Aptamers are short segments of nucleic acids (oligonucleotides) or peptidic molecules capable of binding to a target molecule with high specificity and affinity due to their three-dimensional structure.


They have a length of between 70 and 100 nucleotides, with a central region of variable size (between 30 and 60 nucleotides) of random sequence and two flanking regions of known sequence for their amplification by PCR. They can adopt globular structures that allow them to recognize molecules by binding to them in a stable and specific manner.


Aptamers have a wide range of applications, both in diagnosis and treatment, serving as an alternative to the use of monoclonal antibodies. Additionally, they offer advantages over antibodies: they are easier to produce, can be easily modified, can recognize any target (immunogenic and non-immunogenic) rather than just immunogenic ones like antibodies do, and do not elicit an immune response in the body.


However, while there are several ongoing clinical trials for their diagnostic and therapeutic applications, the use of aptamers in the clinical setting is still emerging, indicating that there is still much to explore in this area.


Aptamers are selected through the SELEX method (Systematic Evolution of Ligands by EXponential enrichment). This method involves exposing an initial library of oligonucleotides to our target molecule. Through this process, some oligonucleotides, due to their three-dimensional structure, will bind to the target while the rest are washed away. The bound oligonucleotides are then recovered and amplified via PCR to generate a library of oligonucleotides with higher affinity for the target molecule in each selection round. In the final selection round, the oligonucleotides are sequenced to identify candidate aptamers with high affinity for our target molecule.


An ELONA is a bioassay in which aptamers labeled with enzymes are bound to a target of interest. It allows determining whether the aptamers selected for molecule recognition actually bind to the target and with what sensitivity, affinity, and specificity, in order to select the best candidates for use in the diagnosis or treatment of a specific condition (for example: tumor marker recognition or HIV diagnosis in our case).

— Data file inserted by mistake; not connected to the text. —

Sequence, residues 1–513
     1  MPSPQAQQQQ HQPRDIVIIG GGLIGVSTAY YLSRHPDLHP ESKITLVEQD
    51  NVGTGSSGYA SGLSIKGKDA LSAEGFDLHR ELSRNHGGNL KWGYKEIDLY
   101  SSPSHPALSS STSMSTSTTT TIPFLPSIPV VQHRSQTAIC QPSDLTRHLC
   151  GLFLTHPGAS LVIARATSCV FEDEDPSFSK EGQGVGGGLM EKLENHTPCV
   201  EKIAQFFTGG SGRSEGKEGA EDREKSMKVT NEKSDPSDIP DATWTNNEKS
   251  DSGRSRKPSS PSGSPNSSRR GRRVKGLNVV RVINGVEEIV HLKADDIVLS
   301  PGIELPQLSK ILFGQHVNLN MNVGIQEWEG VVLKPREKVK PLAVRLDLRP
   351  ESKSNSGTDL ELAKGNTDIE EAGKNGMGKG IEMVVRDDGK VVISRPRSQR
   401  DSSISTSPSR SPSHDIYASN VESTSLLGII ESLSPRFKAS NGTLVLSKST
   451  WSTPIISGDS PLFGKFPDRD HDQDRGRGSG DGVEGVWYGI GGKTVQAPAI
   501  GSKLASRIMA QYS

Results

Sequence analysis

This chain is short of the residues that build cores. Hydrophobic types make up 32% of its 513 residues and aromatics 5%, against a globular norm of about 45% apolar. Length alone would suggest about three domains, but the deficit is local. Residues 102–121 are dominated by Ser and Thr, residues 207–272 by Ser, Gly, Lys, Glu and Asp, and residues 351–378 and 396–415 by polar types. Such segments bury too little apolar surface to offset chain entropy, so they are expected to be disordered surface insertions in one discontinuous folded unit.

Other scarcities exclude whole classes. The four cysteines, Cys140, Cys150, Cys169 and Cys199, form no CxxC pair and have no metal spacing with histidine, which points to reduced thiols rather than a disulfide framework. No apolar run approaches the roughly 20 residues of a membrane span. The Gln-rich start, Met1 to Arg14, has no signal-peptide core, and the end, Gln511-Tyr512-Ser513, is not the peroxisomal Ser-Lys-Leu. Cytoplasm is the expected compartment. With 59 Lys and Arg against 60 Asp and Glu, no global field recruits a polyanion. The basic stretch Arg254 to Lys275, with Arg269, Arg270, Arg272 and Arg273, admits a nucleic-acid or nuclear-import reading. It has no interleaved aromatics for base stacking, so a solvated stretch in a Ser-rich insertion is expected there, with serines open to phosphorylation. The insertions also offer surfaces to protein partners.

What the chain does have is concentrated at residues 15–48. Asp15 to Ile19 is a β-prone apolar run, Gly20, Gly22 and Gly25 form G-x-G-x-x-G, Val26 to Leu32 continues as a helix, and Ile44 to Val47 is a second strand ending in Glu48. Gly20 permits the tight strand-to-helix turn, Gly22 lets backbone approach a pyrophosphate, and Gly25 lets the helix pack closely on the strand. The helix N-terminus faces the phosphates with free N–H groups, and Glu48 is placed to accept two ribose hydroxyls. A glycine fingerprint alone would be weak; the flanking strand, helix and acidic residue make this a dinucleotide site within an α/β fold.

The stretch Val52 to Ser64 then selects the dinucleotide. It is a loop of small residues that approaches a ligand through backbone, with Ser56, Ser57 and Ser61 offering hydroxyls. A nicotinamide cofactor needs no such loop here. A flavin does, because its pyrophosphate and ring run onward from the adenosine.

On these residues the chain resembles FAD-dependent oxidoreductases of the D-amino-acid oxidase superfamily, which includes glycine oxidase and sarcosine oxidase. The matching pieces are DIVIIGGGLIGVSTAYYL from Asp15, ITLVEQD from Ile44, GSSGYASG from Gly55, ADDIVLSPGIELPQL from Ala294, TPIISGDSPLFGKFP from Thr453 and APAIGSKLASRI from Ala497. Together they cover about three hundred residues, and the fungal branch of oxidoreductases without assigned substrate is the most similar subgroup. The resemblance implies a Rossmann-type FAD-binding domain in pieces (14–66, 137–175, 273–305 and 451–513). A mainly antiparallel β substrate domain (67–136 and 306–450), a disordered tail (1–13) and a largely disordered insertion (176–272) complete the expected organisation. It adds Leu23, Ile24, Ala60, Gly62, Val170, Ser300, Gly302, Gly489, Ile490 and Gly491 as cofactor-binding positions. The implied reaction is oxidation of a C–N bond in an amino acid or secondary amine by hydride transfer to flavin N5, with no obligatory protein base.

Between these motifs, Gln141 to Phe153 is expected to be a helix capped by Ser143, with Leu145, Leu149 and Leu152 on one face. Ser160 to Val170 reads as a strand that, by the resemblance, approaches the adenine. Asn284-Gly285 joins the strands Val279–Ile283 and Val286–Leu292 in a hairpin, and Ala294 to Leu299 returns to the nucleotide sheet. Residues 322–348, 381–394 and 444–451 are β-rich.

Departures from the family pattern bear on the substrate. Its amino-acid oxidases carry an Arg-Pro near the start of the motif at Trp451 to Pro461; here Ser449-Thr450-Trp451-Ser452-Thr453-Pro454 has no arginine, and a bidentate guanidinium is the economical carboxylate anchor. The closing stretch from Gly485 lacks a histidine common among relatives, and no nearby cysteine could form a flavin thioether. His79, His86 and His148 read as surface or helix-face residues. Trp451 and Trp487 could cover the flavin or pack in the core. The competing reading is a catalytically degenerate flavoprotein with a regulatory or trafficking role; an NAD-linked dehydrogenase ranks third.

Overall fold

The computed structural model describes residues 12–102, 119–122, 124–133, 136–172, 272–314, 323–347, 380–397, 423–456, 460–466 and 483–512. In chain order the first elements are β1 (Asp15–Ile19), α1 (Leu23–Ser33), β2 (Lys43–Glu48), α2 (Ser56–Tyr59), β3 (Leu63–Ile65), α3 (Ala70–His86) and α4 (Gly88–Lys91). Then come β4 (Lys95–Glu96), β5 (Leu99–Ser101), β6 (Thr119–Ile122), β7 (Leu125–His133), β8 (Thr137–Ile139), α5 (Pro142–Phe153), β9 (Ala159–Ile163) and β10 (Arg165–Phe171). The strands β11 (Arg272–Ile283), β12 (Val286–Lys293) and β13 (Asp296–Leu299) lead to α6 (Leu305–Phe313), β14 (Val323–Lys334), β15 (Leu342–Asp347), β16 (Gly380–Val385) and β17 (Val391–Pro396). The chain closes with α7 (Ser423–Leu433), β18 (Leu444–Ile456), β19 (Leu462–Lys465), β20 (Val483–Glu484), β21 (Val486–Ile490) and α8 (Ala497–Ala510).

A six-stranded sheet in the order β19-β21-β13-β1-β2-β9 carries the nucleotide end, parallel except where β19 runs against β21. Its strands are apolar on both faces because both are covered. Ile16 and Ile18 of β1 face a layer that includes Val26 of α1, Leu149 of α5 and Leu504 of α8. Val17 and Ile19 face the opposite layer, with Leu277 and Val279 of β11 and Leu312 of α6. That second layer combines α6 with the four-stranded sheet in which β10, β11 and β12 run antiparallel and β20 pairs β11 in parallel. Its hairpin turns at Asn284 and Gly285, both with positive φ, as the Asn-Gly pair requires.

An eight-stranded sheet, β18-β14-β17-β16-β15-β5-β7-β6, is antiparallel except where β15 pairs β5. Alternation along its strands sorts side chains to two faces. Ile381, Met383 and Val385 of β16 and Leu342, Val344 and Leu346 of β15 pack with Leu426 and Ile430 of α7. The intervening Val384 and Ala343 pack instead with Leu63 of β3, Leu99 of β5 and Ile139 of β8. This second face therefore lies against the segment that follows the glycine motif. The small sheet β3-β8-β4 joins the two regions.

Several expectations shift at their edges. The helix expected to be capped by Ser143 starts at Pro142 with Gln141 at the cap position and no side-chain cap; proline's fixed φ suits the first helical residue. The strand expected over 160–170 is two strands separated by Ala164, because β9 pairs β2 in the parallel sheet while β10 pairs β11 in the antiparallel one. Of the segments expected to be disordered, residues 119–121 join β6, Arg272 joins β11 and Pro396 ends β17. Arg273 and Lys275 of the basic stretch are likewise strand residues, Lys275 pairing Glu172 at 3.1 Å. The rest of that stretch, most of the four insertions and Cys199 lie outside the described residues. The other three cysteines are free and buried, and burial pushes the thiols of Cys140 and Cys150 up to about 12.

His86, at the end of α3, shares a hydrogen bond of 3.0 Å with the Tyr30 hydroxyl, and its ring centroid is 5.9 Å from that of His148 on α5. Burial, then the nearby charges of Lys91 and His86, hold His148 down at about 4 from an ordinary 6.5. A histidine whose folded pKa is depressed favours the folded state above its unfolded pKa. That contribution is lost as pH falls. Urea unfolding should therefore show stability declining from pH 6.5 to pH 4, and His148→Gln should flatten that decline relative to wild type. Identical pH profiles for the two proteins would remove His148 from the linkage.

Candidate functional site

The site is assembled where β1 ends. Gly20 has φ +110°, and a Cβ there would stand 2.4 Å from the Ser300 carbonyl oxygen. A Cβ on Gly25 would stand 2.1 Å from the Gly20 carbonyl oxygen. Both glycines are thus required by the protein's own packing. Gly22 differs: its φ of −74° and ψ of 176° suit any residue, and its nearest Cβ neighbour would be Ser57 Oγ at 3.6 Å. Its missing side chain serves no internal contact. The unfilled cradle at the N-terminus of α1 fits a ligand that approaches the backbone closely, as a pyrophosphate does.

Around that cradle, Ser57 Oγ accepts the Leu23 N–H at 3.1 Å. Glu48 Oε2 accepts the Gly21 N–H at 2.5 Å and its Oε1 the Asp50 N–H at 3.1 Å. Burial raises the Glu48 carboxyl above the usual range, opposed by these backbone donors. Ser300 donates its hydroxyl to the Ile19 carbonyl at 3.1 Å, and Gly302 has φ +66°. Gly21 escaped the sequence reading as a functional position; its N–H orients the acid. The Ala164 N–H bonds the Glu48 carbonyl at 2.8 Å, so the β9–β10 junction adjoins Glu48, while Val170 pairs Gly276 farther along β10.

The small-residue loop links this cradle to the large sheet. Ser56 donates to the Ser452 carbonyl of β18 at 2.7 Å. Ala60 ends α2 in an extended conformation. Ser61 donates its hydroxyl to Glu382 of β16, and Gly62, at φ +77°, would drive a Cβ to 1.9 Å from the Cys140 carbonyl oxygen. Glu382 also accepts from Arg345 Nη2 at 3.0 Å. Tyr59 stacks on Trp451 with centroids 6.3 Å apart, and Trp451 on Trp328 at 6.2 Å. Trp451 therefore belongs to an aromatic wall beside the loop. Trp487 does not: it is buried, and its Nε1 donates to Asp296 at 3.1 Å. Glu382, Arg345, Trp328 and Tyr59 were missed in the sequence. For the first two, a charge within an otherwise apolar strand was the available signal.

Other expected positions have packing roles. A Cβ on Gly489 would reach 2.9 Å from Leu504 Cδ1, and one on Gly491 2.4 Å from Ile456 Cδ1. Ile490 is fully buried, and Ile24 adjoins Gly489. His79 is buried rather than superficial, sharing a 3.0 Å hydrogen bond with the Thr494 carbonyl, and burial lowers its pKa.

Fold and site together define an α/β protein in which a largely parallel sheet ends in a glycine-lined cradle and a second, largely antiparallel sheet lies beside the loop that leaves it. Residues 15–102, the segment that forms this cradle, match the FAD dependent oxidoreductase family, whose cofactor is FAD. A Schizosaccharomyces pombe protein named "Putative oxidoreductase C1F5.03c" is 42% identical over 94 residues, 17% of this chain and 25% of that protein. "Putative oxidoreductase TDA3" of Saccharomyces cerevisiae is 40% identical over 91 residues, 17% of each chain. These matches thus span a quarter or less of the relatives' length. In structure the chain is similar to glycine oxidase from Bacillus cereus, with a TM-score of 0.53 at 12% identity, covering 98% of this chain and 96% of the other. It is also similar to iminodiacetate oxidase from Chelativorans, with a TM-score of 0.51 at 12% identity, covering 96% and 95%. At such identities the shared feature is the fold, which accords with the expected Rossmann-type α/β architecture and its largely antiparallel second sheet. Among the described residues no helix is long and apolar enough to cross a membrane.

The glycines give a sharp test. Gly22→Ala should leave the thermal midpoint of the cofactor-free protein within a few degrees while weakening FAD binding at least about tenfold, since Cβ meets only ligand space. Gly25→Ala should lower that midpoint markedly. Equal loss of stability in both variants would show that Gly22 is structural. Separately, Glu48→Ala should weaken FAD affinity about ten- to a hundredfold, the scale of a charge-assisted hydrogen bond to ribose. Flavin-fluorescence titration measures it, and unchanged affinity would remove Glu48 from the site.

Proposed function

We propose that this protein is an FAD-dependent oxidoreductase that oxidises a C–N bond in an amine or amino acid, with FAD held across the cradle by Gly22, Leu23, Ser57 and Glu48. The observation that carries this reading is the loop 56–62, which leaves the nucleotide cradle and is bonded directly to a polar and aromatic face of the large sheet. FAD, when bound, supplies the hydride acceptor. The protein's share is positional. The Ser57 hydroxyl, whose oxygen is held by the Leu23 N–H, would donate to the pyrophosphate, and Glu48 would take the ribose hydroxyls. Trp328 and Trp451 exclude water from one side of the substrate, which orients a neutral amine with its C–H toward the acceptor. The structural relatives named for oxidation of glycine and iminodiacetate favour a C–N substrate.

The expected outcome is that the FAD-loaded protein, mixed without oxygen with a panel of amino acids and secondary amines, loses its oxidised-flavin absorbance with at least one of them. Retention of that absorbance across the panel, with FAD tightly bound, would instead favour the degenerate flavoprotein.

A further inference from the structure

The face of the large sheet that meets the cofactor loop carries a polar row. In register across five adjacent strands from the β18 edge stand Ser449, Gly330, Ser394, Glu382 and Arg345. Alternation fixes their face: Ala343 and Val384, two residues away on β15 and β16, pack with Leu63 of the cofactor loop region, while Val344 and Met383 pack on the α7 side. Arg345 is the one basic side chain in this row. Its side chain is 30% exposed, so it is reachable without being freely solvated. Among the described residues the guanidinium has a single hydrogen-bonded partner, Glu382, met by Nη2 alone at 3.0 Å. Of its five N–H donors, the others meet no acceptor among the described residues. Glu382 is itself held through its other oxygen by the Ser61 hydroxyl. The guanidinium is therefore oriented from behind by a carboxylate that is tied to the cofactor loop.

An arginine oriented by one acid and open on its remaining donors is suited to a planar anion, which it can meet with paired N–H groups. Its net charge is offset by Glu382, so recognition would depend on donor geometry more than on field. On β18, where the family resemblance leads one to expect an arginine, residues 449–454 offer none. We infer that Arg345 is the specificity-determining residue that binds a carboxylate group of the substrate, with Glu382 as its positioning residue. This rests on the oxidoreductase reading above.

The ELONA is conducted in a plate with 96 wells. In a direct ELONA, the target molecule is placed at the bottom of the well (in this example, the HIV reverse transcriptase protein). Subsequently, another protein called BSA (bovine serum albumin) is added to cover any gaps that may have remained at the bottom of the well. Then, the aptamer labeled with digoxigenin is added, which is a small molecule that binds to the anti-digoxigenin antibody attached to the HRP enzyme (horseradish peroxidase). When ABTS (HRP substrate) is added, if the aptamer has bound to the target molecule, a reaction occurs that produces a color change in the well's liquid, and its intensity or absorbance can be measured. If, however, the aptamer is not specific and does not bind to the target molecule, there will be no reaction and no color will be generated.


There are also other types of ELONA called sandwich ELONA in which a combination of aptamers (one capturing aptamer and one detecting aptamer) is used to detect the target molecule, increasing the sensitivity of the experiment.


Current HIV diagnostic techniques only allow virus detection after the first 10 days following infection using molecular techniques (which directly recognize the virus through its RNA or proteins) and from 3 weeks using serological techniques (which recognize specific antibodies against the virus) or 2 weeks if using state-of-the-art ELISAs (4th and 5th generation) that detect antibodies and p24 protein of the virus. 40% of HIV transmissions occur during the acute phase of the infection in the absence of treatment due to the high viral load in the first 3 weeks after infection, before antibodies against the virus begin to be generated. Therefore, it is necessary to develop new molecular diagnostic techniques capable of recognizing the virus from the onset of infection. Aptamers are an interesting option for the development of these new techniques, as they are able to recognize viral proteins that are more abundant than the genetic material of the virus.


ELONAs present certain limitations in detection sensitivity, often requiring a high viral load for accurate results. Therefore, there is a need for the development of new, highly sensitive detection methods.




In EPIMOLVIH, since 2018, we have been working with aptamers. We have identified peptides from 5 highly conserved viral proteins across all HIV variants to select different aptamers for the molecular detection of HIV, evaluating their sensitivity, affinity, and specificity for future diagnostic implementation. Concurrently, we are testing new detection technologies based on aptamers to enable early diagnosis within the first 10 days of infection.


You can find more information about our projects with aptamers here.

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